Are pay phones becoming passe?

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Are pay phones becoming passe?


Almost everyone has a cell phone these days.

In Korea, considering that the number of subscribers to mobile communication services was 47.39 million as of the end of July, according to the National Statistical Office, and the nation has a population of 48 million, it is estimated that there are very few people without one.

It would not be that surprising, then, if public phones were to disappear. After all, who is going to take the trouble to look for a pay phone when they’ve got a mobile in their hand?

However, the situation is somewhat different from what one might expect.

Amazingly enough, there are still 153,000 public pay phones across the country, but more and more of them are disappearing. In 1999, for example, when long lines in front of public phonebooths were a common sight, the number was 560,000.

So who or what is keeping the remaining pay phones from going the way of the rotary dial phone and slipping into obscurity?

To find out, this reporter recently visited 10 of the busiest public phonebooths in Seoul.

Each booth posts sales of around 700,000 won ($578) per month, which is about 35 times the average of 20,000 won per month rung up by phonebooths around the country, according to public phone service operator KT.

“I’ve lived in the neighborhood for the past 16 years and this public phonebooth has been here since I was very young,” said Lee Su-min, who had stopped off at a call box at a shopping center near the Cheonggu Apartment Complex in Banghak-dong, Dobong District, last Wednesday afternoon. It is the one of the 10 most frequently used booths in Seoul.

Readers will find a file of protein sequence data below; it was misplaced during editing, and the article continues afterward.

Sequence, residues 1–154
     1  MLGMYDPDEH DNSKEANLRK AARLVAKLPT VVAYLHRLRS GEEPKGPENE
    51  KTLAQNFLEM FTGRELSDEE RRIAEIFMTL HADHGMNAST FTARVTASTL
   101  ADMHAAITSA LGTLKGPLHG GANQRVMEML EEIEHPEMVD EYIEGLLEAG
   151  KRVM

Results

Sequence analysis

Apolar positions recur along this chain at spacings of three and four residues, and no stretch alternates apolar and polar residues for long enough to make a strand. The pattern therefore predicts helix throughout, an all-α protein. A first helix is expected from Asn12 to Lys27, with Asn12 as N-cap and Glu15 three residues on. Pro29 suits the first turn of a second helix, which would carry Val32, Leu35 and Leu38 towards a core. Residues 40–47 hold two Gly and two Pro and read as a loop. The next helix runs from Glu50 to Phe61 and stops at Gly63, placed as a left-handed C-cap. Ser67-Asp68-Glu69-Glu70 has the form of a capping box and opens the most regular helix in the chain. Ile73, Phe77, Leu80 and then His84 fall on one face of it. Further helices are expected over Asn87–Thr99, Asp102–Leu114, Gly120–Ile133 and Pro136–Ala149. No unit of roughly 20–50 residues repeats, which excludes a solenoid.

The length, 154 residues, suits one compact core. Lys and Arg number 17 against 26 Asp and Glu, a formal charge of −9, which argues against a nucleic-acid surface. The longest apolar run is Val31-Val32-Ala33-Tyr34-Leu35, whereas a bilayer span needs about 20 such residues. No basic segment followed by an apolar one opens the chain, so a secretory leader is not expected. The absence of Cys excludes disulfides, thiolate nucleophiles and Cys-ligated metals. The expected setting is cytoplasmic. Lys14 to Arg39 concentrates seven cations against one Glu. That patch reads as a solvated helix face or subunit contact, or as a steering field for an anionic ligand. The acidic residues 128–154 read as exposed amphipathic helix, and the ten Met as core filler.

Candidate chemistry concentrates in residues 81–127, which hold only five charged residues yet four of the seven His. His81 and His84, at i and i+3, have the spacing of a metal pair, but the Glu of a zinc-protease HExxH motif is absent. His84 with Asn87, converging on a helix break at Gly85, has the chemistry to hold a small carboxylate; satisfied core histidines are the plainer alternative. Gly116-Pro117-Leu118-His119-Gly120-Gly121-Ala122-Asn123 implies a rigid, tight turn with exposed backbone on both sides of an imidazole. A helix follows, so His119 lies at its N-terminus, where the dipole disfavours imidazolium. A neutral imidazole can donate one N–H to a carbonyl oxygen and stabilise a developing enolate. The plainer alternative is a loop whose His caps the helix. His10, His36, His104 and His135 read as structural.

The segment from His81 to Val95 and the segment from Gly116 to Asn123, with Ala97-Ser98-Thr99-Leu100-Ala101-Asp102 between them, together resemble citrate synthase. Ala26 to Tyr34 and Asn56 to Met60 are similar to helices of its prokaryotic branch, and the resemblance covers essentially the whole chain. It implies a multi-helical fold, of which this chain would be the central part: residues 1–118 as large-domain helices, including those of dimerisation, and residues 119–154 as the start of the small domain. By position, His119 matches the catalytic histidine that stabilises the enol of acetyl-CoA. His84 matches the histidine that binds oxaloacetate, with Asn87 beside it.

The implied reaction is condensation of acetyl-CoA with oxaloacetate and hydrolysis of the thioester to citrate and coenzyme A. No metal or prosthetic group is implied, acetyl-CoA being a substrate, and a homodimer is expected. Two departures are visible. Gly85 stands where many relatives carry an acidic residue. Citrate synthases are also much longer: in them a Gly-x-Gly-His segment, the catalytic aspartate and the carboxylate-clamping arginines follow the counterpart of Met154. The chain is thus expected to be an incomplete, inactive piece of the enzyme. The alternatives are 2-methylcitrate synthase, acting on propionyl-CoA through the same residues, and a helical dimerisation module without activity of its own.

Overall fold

“I came here to call my girlfriend because I lost my cell phone yesterday,” said the 21-year-old college student, who had a handful of coins in his hand. “As I was looking around for a way to call her, it occurred to me that there was a public phone here,” added Lee, who is apparently not a regular pay phone user.

The next person who stepped into the booth was a middle-aged woman.

“Although I always carry my mobile with me when I go downtown, I often leave it at home when I’m running errands around the neighborhood,” said Seo Ok-hee, a 51-year-old housewife who was carrying a shopping basket with her. “I stopped by to make a call because I’m now without my mobile, as you can see.”

The phone used by Lee and Seo was the only pay phone in the neighborhood that accepts coins instead of phone cards. That seems to explain why the two of them - who both needed to make calls on the spur of the moment - chose that particular phone, instead of the phones nearby, which only accept cards.